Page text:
A True Inclusive Game

          Fortnite is my console game of choice for two reasons: the objective of the game and the inclusivity of the game characters.  The objective of the game is to be the last man, duo, or squad standing, depending on the game mode you choose to play.  Fortnite is revitalizing the late night gaming culture that was prominent when Call of Duty was first released.  Groups of friends may stay up until the early morning hours simply entranced with this game, a tradition that has seemed to die in recent years.  A big contributor to this revamp is the idea of the world versus you- or the world versus you and your crew- much like Call of Duty.  Along with the objective of last man standing, a key contributor toward achieving this is through building forts to gain both a protective advantage as well as a visual advantage over your opponent.  You gain the resources, as well as the weapons, by exploring different locations and discovering items that are laying around.  This game, thanks to its overall objective, plays into the four types of gamers that we discussed as a class the first day of school.  The “spades” have the ability to player kill, the “clubs” have the fort building/exploration aspect, the “hearts” have to communicative component to the game, and the “diamond” players have the overall objective of being the last person standing.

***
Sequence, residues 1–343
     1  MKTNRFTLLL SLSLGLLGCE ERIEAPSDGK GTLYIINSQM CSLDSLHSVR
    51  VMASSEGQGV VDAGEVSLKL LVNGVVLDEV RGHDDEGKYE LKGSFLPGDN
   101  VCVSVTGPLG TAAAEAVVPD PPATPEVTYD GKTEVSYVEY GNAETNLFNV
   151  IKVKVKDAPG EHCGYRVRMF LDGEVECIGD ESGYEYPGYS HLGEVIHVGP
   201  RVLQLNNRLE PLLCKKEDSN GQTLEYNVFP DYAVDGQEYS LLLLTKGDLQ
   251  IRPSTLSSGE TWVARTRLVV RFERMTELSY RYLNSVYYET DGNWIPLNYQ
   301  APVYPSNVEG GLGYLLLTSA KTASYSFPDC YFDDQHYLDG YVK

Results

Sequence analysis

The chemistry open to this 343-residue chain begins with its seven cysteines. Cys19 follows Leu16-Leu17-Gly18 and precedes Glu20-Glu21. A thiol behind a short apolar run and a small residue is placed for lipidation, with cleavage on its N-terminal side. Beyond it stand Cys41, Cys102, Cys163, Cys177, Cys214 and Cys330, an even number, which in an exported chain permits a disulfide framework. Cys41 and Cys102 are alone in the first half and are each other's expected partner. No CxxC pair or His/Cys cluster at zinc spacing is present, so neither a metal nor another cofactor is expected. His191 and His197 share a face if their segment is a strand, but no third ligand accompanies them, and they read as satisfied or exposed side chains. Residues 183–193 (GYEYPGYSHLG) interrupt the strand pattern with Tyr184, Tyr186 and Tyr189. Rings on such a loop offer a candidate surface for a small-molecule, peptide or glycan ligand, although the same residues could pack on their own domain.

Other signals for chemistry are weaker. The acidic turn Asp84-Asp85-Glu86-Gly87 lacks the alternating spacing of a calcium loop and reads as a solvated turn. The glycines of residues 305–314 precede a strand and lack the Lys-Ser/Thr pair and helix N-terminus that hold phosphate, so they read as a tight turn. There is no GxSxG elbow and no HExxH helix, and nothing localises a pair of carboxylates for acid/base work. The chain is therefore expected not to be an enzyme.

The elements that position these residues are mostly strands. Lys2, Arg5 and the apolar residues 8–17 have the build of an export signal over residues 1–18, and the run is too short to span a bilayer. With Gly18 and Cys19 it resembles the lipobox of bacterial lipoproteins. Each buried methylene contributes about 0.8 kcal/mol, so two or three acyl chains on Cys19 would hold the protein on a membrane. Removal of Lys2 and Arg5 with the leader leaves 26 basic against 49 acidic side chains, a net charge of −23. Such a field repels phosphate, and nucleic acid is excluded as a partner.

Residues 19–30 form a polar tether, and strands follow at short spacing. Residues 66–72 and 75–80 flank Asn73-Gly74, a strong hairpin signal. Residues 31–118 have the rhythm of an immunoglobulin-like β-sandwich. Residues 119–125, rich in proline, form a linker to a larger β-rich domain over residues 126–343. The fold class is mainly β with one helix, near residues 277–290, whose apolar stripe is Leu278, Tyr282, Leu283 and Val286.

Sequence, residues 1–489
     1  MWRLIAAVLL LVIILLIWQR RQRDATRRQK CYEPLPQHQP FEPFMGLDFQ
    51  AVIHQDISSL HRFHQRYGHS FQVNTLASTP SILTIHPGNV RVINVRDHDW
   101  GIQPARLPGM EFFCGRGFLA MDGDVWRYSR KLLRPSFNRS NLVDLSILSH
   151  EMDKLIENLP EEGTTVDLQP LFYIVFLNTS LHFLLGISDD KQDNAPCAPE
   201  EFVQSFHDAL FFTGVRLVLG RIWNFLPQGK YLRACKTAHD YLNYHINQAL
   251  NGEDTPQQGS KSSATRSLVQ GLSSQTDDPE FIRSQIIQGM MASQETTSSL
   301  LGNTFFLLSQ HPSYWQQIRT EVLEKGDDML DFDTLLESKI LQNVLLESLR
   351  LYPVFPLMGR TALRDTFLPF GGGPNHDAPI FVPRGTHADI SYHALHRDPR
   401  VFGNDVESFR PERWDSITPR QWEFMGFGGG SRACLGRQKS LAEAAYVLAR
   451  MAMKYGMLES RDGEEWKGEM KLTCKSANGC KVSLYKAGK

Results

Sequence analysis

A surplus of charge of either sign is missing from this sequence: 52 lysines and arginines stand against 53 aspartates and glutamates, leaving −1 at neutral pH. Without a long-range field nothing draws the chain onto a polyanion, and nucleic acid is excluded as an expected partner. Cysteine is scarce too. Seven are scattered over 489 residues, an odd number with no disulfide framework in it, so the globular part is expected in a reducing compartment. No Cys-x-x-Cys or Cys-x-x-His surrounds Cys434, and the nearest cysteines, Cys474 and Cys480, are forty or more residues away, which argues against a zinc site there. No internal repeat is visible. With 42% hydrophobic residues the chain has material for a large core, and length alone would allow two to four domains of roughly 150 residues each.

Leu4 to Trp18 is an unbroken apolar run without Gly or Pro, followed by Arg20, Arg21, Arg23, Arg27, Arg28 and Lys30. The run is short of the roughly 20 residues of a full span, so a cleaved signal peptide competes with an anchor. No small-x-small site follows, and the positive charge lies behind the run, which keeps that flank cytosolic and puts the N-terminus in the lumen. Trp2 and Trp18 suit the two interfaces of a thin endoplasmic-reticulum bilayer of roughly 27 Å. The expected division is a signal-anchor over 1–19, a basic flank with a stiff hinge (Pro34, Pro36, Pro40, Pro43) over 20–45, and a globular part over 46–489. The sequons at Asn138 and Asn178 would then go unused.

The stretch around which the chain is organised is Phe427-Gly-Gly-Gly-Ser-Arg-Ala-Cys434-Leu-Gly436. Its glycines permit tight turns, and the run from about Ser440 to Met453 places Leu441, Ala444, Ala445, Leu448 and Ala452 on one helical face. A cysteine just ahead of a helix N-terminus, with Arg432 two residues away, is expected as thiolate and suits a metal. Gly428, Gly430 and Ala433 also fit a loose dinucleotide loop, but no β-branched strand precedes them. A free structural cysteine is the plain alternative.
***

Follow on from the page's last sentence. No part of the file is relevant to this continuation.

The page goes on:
The other reason why I chose Fortnite is because of the inclusivity of the in-game characters.  For the game, your character is randomly chosen for you and the characters include a variety of races as well as both female and male options.  With how inclusive society has become, this game perfectly accommodates a highly demanded societal request.  This inclusivity also, in my opinion, creates a wider range of fans of the game itself.

(This is the cover photo for Fortnite.  Notice the characters that featured.)

(This is an in-game picture of building forts.)